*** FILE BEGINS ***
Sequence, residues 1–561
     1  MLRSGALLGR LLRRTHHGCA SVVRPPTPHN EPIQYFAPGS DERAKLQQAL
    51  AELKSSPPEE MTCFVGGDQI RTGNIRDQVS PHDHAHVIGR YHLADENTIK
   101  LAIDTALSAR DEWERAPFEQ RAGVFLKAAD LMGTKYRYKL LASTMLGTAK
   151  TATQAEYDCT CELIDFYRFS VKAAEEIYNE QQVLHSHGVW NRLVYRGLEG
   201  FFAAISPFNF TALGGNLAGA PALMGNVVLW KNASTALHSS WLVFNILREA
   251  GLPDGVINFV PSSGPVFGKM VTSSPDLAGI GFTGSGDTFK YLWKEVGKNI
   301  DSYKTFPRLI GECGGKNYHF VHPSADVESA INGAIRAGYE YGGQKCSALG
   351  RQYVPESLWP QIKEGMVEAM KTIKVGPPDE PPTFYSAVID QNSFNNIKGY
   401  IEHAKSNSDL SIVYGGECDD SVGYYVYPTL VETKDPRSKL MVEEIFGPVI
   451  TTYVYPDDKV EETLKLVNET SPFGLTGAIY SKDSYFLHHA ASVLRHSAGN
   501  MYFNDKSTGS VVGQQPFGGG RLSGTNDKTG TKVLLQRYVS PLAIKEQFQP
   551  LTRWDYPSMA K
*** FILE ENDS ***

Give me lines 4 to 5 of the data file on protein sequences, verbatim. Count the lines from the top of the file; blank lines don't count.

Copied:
   101  LAIDTALSAR DEWERAPFEQ RAGVFLKAAD LMGTKYRYKL LASTMLGTAK
   151  TATQAEYDCT CELIDFYRFS VKAAEEIYNE QQVLHSHGVW NRLVYRGLEG